Tag Archives: Perth Observatory

Aurora Australis at Perth Observatory

Aurora Australis at Perth Observatory on the 8th September 2017

There’s a big buzz around aurora activity at the moment, with the large solar flares erupting from the sun causing potentially good conditions for aurora to be visible. On the 8th September I and what seemed like half of Perth were out to photograph the Aurora. The hard decision is always where to go and in this case limiting factors were it being friday after a busy week of work, the almost full moon rising at 8pm, and large areas of cloud about the state. Given all that I decided to make the short trip to the Perth Observatory where I volunteer.

I took a couple of hours of time lapse from two cameras. This photograph is from my Canon 6D using the Samyang 24mm f/1.4. It is largely a single frame utilising some data from two other frames for masking out some bright lights in the foreground (it was a public viewing night).

Pink aurora is visible across an area of the southern horizon. It would have been extending only a few degrees above the horizon but is quite noticeable in the raw and processed frames. The aurora was not visible to the naked eye. Above the aurora australis you can see the Large Magellanic Cloud. The sky is lit by the moon which had risen a little at the time, but blocked by cloud enough to not illuminate the foreground. The foreground features the domes of the Perth Observatory lit by the red lights of tour guides hosting a group of public on one of the regular Night Sky Tours.

Now to work on the time lapse!

The Waning [almost] Full Moon

The Waning [almost] Full Moon. 8 photographs merged in a mosaic, so there are some blending artifacts making this not a 100% accurate “map”. But hey, it looks good.

On the 13th April after leading a Full Moon tour at the Perth Observatory I took a moment to whip out my Fuji X-E2 and snap a mosaic of the Moon. This is a mosaic of 8 frames. There are some blending artifacts so don’t rely on this being a 100% scientifically accurate map of the Moon! (but hey, it looks good)

Blending mosaics of the Moon like this has become incredibly easy in recent years. The old days of 1990’s and early 2000’s photoshopping it would be a very manual affair with masks and adjustments. Now, a simple click will blend images of different brightness in to a seamless image. Photoshop doesn’t show any sympathy for all my painful hours of processing such moon mosaics in years gone by!

A busy start to 2017!

What a busy start to 2017 I’ve had! Four workshops and counting, public talks to well over 100 people, 60hours/month volunteering at the Perth Observatory and so much more! It’s no wonder that it’s hard to find time for astrophotography other than regular scripted research observations.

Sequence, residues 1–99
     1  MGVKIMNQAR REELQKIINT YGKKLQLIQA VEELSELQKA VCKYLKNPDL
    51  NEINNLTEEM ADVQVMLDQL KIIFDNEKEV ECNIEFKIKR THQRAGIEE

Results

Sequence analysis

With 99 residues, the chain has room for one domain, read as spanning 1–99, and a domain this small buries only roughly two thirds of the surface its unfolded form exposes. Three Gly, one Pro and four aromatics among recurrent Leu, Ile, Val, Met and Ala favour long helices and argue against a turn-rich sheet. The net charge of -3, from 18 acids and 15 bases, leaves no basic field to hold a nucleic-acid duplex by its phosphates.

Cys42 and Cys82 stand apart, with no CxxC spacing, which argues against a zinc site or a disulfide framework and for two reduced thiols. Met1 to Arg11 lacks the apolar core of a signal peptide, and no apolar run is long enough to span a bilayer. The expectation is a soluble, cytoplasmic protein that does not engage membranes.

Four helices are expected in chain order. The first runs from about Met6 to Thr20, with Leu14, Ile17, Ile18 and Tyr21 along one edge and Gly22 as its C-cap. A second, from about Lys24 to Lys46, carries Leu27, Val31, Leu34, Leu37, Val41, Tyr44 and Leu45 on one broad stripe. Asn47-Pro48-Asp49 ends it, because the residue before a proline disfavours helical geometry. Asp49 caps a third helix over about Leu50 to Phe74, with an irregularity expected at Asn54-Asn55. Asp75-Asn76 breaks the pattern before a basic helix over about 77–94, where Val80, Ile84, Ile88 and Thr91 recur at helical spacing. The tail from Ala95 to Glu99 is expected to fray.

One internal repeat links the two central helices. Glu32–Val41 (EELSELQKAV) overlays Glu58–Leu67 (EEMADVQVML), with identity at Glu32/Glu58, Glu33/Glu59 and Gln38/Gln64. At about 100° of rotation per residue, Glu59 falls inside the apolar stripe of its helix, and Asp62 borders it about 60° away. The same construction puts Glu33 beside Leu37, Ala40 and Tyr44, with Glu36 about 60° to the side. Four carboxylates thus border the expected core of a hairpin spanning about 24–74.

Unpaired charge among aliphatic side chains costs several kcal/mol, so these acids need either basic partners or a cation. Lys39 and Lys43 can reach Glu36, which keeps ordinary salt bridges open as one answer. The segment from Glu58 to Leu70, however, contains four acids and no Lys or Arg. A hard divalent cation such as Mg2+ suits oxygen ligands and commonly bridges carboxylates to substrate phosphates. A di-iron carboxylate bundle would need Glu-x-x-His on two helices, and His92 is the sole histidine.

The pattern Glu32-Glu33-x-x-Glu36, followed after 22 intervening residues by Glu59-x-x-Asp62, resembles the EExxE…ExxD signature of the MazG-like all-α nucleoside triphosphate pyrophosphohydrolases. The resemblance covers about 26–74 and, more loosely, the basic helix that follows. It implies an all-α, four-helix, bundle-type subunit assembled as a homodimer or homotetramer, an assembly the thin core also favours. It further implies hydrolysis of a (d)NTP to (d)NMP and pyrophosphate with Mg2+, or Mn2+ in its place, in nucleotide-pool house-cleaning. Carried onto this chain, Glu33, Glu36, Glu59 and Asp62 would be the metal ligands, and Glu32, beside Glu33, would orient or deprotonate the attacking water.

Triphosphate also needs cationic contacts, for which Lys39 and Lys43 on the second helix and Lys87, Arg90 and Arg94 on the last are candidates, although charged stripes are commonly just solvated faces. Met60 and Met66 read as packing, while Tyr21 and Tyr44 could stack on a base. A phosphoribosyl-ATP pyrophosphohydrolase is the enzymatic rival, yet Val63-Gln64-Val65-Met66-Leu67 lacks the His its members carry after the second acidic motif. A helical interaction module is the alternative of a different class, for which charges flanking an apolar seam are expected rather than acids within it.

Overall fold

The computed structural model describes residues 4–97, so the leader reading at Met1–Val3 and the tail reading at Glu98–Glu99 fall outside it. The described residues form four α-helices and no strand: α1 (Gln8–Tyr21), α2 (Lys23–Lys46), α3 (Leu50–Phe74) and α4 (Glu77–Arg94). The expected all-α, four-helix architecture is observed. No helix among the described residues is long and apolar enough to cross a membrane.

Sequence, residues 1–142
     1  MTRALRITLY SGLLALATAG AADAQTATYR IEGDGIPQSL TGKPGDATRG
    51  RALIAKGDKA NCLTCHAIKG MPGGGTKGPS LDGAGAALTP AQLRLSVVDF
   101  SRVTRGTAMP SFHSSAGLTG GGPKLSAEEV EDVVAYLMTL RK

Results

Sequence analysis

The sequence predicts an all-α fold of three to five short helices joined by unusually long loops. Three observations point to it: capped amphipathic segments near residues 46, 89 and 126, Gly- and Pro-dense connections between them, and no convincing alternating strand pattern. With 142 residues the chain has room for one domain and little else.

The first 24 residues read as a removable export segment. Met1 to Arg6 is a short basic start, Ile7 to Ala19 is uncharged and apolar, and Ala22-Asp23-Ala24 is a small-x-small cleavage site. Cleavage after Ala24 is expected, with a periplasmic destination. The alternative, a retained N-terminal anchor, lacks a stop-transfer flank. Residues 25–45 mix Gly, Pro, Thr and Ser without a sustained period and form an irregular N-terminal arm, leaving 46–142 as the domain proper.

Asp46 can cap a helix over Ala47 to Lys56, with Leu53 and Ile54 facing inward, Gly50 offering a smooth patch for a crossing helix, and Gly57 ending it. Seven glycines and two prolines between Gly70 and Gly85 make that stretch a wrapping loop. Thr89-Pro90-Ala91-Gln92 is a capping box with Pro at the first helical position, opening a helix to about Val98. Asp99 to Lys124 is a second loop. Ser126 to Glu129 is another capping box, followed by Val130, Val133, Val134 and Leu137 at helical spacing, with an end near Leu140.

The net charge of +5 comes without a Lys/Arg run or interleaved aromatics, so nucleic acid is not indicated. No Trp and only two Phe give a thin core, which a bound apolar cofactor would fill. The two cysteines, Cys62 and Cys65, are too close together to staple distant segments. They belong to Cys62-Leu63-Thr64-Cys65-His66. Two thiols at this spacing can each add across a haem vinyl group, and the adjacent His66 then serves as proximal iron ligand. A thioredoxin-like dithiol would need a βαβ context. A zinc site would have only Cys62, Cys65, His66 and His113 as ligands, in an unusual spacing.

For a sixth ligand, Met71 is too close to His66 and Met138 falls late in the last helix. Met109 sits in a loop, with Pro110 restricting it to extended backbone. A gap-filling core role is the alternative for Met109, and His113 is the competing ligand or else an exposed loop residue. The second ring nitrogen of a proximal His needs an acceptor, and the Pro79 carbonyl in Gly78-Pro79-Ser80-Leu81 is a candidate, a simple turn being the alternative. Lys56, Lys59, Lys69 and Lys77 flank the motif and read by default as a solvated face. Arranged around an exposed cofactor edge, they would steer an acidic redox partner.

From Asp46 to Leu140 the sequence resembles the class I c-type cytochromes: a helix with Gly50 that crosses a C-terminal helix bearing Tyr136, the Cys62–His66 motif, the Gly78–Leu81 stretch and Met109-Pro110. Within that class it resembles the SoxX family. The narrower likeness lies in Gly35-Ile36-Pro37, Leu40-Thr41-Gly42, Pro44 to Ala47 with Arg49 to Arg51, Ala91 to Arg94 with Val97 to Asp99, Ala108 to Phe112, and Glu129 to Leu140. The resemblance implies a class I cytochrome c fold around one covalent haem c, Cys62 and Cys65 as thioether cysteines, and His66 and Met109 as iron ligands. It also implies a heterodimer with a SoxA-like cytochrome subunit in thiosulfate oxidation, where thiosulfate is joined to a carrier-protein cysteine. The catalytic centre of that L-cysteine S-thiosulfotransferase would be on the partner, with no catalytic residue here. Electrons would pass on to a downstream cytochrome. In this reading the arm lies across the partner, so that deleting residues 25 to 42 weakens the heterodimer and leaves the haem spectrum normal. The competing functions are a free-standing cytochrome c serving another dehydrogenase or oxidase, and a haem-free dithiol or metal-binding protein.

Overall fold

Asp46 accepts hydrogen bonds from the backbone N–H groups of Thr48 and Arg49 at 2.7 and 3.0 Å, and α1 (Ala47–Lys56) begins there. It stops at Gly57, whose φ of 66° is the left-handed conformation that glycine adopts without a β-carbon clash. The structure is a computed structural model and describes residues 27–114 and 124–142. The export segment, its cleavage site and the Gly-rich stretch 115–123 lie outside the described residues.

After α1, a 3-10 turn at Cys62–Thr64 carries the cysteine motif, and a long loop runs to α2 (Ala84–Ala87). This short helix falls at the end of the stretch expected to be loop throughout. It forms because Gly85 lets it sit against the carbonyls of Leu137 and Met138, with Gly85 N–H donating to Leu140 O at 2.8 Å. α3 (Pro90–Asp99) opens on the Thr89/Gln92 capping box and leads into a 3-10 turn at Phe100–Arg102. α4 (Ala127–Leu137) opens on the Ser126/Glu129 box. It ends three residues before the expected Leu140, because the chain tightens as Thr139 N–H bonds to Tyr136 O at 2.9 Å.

Here are some photographs from a recent astrophotography workshop held at the Perth Observatory. It was full day, going from 12:30pm until 10pm, but for me that means 10am until midnight.

After all these workshops it’s been good to spend a small but enjoyable amount of time in my own observatory with my simple little camera (Fuji X-E2) mounted on my Megrez 90 refractor telescope. This rewarding combination is a great fun way to reinvigorate astrophotography interest. While the following images are only short sequences, resulting in less than perfect results, it shows what can be done in a night of fun light-hearted astrophotography.

Horsehead Nebula – Fuji XE-2, 1600ISO, 10 x 5 minute exposures.

Millions and Millions – Omega Centauri with about 10 million stars.

Millions and Millions – Omega Centauri with about 10 million stars (cropped view).

Perth Observatory Astrograph Telescope

Perth Observatory Astrograph Telescope with the Southern Cross, Coalsack and Eta Carina Nebula visible through the roof.

It’s so much fun to be involved at the Perth Observatory (where I volunteer with the Perth Observatory Volunteer Group), and it’s nice as a little reward for the hundreds of hours volunteering every year to have the pleasure of photographing on-site now and then (although it is hard to fit around the things to do!).  Last night I enjoyed some late night photography after a tour and this photograph of the historic Astrograph Telescope is one of the highlights from the evening.

Visible through the opening of the dome is the Southern Cross, Coalsack (dark nebula) and Eta Carina nebula. Good timing to nab them through the roof!

Perth Observatory Communications from Orbit

Perth Observatory under stars - Communications from Orbit?

Perth Observatory under stars – Communications from Orbit?

Following on from my previous post of he Perth Observatory Meridian Dome this is a fun photograph of a satellite dish atop another building at the Perth Observatory. Distinctly an observatory building but with the dome obscured by the high walls and my close proximity you will note the curved nature of the wall.

The Milky Way is shining nicely in the background above the Perth Observatory with notable features include the two pointers (Alpha & Beta Centauri) in the top right. Antares is the bright yellow star in the top-left-centre region. Beyond the bulge of the Milky Way the star density decreases to deep space.

I struggled to find a fun name for this photograph, starting off with “Messaging the Stars” but then thought about the practicalities of the dish being used for satellite internet connection which hardly justifies such a grand name! I settled on the “Communications from Orbit”, more representative of the actual infrastructure but perhaps less emotive! 🙂

Prints available upon request, drop me an email. 20% of all profits from Perth Observatory prints donated to operation of the observatory.

Next astrophotography workshop night at the Perth Observatory will follow my next astrophotography workshop in Perth on June 27th & 28th 2015.